What if you need a particular thesis and it’s NOT freely available online? You may use interlibrary loan to request a copy
Request a copy via ILL (Interlibrary Loan)
Note: In many cases we can acquire an electronic version, but some theses are often physically owned by only one library at the degree-granting institution. Some libraries will loan their copy, some will not. It’s always OK to try, but it’s not a sure thing that you’ll get it.
And Last But Not Least
It's always worth trying a search engine--Google, Bing, or your favorite--using quotation marks around the title and perhaps the author's last name, if the title isn't unique--to see if the author has posted the dissertation on the web somewhere. It's surprising how often this is the case.
And for cases where you can't find a free copy, but you CAN find contact info for the author, try to get in touch with the author and ask if they'd be willing to share a copy of their thesis with you. Many people are thrilled that someone is interested in their blood-sweat-and-tears project, and would happily oblige.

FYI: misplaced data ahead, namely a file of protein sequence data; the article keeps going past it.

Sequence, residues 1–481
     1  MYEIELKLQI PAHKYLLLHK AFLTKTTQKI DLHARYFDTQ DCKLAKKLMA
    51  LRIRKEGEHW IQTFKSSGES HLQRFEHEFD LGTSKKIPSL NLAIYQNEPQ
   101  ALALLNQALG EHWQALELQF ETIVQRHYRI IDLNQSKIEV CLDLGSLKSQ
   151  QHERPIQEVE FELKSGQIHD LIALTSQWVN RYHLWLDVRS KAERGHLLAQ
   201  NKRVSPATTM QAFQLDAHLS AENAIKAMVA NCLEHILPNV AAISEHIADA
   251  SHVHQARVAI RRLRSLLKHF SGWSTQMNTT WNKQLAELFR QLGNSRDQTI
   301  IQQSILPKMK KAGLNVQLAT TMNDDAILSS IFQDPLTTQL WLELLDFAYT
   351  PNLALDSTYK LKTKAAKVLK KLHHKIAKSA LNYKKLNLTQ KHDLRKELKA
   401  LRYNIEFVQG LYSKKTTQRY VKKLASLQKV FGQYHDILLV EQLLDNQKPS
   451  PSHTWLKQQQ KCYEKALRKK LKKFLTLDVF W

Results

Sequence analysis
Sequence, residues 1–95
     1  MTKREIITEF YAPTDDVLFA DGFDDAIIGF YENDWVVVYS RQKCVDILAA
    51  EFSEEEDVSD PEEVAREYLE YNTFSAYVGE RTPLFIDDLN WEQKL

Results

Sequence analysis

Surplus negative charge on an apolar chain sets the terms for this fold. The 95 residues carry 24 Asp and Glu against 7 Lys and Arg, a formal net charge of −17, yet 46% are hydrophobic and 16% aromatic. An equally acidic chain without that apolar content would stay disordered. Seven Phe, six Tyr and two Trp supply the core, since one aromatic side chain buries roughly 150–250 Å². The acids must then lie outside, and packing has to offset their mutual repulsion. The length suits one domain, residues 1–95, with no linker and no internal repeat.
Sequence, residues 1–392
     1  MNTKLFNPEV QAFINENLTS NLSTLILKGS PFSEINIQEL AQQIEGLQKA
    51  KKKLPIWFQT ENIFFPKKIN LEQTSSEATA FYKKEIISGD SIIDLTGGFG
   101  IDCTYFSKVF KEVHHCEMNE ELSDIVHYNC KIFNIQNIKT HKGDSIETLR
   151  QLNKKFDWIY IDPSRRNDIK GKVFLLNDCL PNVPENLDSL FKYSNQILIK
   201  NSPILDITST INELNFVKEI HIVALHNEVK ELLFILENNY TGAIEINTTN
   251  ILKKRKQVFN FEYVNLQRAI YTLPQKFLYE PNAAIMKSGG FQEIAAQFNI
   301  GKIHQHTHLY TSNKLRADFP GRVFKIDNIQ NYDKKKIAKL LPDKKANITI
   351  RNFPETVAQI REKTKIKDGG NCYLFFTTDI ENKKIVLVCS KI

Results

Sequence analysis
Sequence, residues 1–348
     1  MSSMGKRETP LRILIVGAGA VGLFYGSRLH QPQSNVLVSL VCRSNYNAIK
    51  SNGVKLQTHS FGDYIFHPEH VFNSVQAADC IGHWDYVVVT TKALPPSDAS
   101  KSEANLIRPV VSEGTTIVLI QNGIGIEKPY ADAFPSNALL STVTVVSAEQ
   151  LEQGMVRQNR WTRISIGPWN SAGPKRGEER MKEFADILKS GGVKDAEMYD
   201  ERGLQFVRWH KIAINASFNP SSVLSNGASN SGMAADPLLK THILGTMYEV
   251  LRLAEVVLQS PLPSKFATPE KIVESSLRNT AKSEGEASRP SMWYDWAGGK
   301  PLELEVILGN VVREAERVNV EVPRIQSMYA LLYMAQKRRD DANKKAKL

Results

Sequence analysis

An alert is a way for you to save a search and get email notification of any new records that have been found in the database that match your search criteria as new records are added. It's a great way to stay current without having to redo previous work! This works for EBSCO databases like Academic Search Premier and ERIC.
When you are in the database, set up a new account:
Perform a search on the topic of your choice:
Choose Alert/Save/Share and you can now choose how you would like to be notified:
Make sure you use your Bethel e-mail account and save your alert:
You can also choose an RSS feed and have it sent to the reader of your choice.